One of the most surprising WWII movies projects is the 2006 one almost entirely in Japanese that Clint Eastwood directed and co-produced,, “Letters from Iwo Jima” (Iōjima Kara no Tegami), the companion piece to his “Flags of Our Fathers” (which is more about the post-combat experiences of the US Marines in the iconic photo raising the US flag at Iwo Jima, which we now know was a staged reraising…). Surprisingly, the movie in Japanese did better at the US box office than the one in English had, as well as receiving more critical acclaim. (And it did very well in Japan, being #1 at the box office there for five weeks.)
The movie opens in 2005, excavating buried letters then flashes back to 1944, when Pvt. Saigo (Kazunari Ninomiya), a baker in civilian life with a wife and young daughter rashly advocates surrendering to the numerically (and in firepower) superior US marines. Captain Tanida (Takumi Bando) beats him for this offense, though Tanida is stopped by the newly arrived commander, Gen. Kuribayashi Tadamichi (Ken Watanabe), who does not want to waste men like that.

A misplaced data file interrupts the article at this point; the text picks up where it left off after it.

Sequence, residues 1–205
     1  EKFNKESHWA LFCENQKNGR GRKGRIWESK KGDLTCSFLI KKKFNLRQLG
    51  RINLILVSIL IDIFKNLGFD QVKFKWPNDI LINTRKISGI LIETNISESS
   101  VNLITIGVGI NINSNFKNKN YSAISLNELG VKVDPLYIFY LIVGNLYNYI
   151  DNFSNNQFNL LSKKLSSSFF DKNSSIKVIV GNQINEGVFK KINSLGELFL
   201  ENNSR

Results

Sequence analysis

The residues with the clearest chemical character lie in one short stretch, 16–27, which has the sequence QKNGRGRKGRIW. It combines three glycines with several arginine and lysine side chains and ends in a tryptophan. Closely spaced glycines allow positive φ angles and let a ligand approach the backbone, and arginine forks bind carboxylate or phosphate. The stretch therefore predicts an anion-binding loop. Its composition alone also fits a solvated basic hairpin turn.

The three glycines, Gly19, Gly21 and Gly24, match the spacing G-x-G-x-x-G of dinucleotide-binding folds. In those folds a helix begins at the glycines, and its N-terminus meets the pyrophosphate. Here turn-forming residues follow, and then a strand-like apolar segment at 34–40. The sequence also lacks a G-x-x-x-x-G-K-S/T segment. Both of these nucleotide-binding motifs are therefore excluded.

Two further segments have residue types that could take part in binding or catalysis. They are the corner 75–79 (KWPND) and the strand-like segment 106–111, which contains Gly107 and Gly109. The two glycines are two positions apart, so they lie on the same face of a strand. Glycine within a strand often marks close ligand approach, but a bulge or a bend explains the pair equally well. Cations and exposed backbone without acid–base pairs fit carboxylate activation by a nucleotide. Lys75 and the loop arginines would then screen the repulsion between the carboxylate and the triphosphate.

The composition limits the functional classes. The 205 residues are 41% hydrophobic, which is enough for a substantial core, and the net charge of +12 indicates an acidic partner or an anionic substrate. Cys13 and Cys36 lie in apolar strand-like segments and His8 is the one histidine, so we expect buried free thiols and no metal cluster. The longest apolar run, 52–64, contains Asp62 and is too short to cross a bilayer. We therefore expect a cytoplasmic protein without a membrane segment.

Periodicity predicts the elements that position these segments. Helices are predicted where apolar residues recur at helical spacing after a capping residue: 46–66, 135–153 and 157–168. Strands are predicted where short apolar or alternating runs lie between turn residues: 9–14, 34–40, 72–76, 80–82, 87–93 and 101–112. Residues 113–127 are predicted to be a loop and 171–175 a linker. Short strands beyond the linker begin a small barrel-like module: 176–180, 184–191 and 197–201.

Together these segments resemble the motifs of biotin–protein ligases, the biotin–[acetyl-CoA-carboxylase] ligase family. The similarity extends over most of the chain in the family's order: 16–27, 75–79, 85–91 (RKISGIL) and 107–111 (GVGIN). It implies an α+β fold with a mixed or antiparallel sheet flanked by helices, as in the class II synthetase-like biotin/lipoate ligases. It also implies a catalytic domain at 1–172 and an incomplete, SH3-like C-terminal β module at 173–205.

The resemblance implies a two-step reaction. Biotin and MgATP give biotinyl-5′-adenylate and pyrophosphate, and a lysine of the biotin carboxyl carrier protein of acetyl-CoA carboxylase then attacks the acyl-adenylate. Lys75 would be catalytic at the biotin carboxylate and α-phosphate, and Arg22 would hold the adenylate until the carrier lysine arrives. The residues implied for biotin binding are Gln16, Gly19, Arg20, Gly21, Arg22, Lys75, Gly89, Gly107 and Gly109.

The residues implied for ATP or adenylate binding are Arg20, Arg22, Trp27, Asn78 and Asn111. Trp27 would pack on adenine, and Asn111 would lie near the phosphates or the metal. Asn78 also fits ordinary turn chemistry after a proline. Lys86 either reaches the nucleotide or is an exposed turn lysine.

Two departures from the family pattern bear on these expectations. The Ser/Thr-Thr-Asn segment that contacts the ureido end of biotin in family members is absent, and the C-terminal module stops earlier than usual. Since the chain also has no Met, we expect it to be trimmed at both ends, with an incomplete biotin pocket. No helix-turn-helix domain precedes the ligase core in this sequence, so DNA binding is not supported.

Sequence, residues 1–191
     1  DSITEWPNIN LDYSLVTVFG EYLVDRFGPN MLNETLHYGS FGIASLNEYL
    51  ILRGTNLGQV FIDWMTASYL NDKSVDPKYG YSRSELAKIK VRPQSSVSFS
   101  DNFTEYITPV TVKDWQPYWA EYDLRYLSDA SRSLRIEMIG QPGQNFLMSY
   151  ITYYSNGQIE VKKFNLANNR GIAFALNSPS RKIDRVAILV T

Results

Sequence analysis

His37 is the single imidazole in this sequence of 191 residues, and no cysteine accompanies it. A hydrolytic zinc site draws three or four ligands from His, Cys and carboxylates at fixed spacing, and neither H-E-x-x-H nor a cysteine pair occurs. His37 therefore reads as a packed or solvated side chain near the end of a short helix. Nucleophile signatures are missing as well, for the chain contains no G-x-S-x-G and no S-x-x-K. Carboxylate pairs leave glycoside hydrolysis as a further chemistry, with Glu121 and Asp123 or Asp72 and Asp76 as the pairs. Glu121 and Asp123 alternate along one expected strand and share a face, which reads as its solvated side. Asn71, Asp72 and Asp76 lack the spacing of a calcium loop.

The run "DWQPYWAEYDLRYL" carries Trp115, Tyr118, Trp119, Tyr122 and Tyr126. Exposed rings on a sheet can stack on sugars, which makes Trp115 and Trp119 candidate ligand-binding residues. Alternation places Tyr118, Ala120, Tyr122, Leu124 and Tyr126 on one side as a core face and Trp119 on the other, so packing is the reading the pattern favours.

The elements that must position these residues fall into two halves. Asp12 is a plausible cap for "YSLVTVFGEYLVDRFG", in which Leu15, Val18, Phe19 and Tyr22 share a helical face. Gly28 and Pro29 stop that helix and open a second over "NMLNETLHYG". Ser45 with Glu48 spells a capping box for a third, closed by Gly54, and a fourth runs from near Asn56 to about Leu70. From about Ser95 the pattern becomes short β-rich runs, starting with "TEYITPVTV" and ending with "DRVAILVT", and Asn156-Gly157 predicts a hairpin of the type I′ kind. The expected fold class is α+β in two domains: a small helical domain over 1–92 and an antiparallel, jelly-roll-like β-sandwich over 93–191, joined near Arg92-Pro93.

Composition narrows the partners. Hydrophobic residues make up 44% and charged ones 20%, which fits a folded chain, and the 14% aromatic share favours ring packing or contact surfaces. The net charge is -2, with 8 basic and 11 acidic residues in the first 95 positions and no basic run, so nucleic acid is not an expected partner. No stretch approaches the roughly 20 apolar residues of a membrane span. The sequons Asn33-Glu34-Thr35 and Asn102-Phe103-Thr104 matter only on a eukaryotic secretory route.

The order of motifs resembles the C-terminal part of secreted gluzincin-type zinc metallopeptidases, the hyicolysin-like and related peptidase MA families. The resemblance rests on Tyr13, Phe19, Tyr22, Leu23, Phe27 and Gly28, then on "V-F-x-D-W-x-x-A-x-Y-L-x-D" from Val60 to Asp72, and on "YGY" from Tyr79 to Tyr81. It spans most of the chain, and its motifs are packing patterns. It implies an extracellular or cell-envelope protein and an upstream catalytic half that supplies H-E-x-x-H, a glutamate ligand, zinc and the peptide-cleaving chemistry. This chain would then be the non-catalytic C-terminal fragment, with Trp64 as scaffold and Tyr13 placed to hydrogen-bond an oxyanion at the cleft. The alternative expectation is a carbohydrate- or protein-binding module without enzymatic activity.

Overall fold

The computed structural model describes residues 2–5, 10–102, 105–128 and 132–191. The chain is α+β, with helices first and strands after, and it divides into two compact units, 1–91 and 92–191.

Kuribayashi learns that the Japanese fleet he has counted on for support (or evacuation!) has been destroyed. Kuribayashi knows the beach will be taken, and has his troops dig in (tunneling supplementing the caves already of Mount Suribachi on the island).
The movie shows the Japanese infantrymen as regular guys who wish that they were home, yet are often courageous, while showing a very authoritarian (not to mention suicide-drenched) officer culture, even for a military culture. Though Gen. Kuribayashi tells his men not to kill themselves but to kill the enemy, he is not immune to the cult of the noble death and of suicide rather than surrender. And the whole exercise of defending the island (with undertrained as well as underarmed troops) is suicidal (the Japanese running out of ammunition and food, having to subsist on a diet of worms). (It is grim, but not in comparison to the Japanese movies occupying the top slots on my list!)
The movie shows that Japanese propaganda demonized Americans, just as American propaganda demonized Japanese.
BTW the movie was mostly shot in inland California (around Barstow) with only one day shooting on Iwo Jima. Though shot in color, the color is so washed out that it often seems to be in black and white.
Eastwood was nominated for the best director Oscar, he and Steven Spielberg for best picture. The sound editing won the Oscar and Iris Yamashita and Paul Haggis were nominated for bext original screenplay (somewhat strangely in that it is heavily based on Gen. Tadamachi’s posthumous “Gyokusai sōshikikan.”
©2017, Stephen O. Murray